Being a period piece it was of the most importance to find authentic locations and vehicles in order to maintain the illusion of the past. Wardrobe and set dressing relied heavily on local antique dealers for period-compliant props and background dressing. It's amazing how difficult it can be to find a 30's era tractor in a small town of 2,000 residents. Through intense search, all vehicles and livestock were secured whether in running condition or not. Often times the grip department also doubled as propulsion for 80 year old vehicles not running, or we would have to coax a reluctant mule to pull a buggy.
The local Tex-Mex restaurant El Patio was where we ate the majority of our meals. The Fajitas Fandango or the Big River salad kept the crew nourished for the next day's scheduled shooting. If it weren't for the delicious and hearty meals El patio provided, our 18 hour days would have been spent mostly on our backs. After an entire month of eating Tex-Mex though, everyone was eager to return home and have other types of food.
Our lodgings were small budget in every respect, but what kept it interesting was the hotel in which we stayed. We were all lodged at La Borde House, a hotel constructed in 1899 by a French merchant. The rooms were very old but each room had it's own unique character and charm.
There is an interesting history with the hotel that included the occasional ghost or strange occurrence, which always kept us on our toes. This would have been a scarier proposition if we were living in the rooms alone, but each room was packed with crew members 3 bodies deep. I spent the month living on a cot at the foot of the bed where the Director and AD both shared the bed. It felt at times very much like being at camp, a very sweaty camp.
"Wouldn't have changed it for the world.."
Overall, despite the shoot being the hardest production I have ever been a part of, I wouldn't have changed anything. Being a very small budget production, the producers didn't have the luxury of hiring a full out experienced crew in all positions. After the first week though, everyone started to feel more comfortable in their roles and how they were helping the production. If we lost a crew member to work or other personal reasons, someone would always step up and fill the hole that was left by the departing crew members.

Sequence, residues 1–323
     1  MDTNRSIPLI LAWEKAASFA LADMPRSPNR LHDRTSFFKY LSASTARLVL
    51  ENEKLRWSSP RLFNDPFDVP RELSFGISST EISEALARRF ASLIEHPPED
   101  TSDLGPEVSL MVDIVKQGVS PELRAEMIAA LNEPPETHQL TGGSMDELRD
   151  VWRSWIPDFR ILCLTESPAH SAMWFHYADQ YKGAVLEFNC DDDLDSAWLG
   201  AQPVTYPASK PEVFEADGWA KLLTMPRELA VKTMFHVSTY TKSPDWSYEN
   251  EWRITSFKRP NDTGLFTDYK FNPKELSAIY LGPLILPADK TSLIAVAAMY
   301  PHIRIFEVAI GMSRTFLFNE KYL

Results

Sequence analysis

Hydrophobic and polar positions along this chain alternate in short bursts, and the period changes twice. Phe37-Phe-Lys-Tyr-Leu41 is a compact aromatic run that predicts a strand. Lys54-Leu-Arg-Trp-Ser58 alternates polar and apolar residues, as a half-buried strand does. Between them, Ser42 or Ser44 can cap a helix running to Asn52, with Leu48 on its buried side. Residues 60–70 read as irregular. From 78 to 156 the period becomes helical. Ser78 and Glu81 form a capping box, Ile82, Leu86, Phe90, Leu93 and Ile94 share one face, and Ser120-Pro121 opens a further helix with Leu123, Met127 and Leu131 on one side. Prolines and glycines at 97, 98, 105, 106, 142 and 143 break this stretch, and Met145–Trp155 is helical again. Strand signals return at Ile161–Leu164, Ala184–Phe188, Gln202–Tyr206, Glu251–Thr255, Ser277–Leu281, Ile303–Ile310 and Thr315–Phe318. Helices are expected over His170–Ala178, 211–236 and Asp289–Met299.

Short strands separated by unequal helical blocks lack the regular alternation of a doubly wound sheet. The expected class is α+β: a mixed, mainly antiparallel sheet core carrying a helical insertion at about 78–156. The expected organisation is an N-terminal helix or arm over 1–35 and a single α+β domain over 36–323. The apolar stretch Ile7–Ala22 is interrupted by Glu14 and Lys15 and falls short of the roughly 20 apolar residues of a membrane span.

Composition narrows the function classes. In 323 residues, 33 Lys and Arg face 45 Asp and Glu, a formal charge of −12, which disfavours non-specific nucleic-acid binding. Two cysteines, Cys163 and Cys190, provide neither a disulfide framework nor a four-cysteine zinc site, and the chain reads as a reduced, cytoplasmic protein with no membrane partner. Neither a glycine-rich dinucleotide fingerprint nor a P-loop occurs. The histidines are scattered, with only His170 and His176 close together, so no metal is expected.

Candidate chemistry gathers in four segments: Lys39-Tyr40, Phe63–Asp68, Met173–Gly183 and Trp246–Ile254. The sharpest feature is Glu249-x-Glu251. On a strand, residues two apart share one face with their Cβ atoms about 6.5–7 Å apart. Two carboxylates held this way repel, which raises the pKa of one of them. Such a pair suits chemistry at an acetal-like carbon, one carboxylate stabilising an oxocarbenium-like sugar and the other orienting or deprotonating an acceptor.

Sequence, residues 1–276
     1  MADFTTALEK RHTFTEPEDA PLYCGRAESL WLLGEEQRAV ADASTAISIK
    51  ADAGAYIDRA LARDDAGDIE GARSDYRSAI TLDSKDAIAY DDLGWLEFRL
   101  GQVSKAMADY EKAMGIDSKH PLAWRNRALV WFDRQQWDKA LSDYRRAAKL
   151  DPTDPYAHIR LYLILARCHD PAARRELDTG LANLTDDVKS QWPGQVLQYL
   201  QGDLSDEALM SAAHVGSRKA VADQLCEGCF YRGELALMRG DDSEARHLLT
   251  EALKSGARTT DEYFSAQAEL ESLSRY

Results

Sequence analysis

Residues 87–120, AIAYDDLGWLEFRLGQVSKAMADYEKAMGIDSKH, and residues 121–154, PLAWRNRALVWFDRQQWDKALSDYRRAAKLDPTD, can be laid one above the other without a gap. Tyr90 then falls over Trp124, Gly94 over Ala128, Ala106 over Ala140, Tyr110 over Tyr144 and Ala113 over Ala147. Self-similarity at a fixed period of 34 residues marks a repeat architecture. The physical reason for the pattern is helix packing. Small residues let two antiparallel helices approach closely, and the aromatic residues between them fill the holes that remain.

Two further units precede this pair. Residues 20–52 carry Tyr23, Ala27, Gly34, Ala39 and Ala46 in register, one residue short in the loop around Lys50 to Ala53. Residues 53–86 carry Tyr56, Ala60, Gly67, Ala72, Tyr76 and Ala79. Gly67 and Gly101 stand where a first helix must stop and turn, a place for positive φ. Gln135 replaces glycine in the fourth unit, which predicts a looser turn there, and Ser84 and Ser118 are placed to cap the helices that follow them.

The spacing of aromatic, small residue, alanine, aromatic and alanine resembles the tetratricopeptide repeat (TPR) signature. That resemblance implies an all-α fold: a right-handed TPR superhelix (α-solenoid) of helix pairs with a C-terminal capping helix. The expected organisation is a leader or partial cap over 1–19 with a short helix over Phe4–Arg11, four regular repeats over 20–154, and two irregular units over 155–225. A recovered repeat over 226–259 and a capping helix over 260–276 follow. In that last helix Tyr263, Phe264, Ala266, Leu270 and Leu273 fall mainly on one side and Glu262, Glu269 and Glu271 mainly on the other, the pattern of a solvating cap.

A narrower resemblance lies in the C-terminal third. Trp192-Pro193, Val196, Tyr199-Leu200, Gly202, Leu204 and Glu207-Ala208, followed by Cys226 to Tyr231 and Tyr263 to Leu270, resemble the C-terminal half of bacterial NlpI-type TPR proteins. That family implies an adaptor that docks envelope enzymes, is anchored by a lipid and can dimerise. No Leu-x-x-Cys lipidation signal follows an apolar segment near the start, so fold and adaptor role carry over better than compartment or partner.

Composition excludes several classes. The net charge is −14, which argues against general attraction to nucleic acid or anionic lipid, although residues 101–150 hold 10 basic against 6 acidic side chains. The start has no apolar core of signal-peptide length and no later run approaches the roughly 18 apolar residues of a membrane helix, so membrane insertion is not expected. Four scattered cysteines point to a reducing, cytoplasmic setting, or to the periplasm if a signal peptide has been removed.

Everyone worked hard, including my grip/electric department to whom I would like to give special thanks for making my shots possible. It really helps to have a dedicated crew who really believes in a project and will do anything to make it happen. Often times crew members on bigger budgeted sets have no personal drive for making the film a success. They often only do the bare essentials of their role because that is what they are being paid for. The Harvest of Redemption crew put productions like that to shame. Being paid nothing and doing the work of 4 people is a testament to the work ethic of everyone involved on our crew.
Join me next week for Part III of this series as I take readers into the technical side of this digital video production including issues and problems we encountered, and how we solved them on a limited budget.
With five years in the entertainment industry, and three years writing for The Mac Observer, works passionately on various genres of film, including documentaries, narrative features, and shorts. He has two feature films under his belt as Director of Photography and Camera Operator, and his current role at TMO is to cover digital media and the film industry.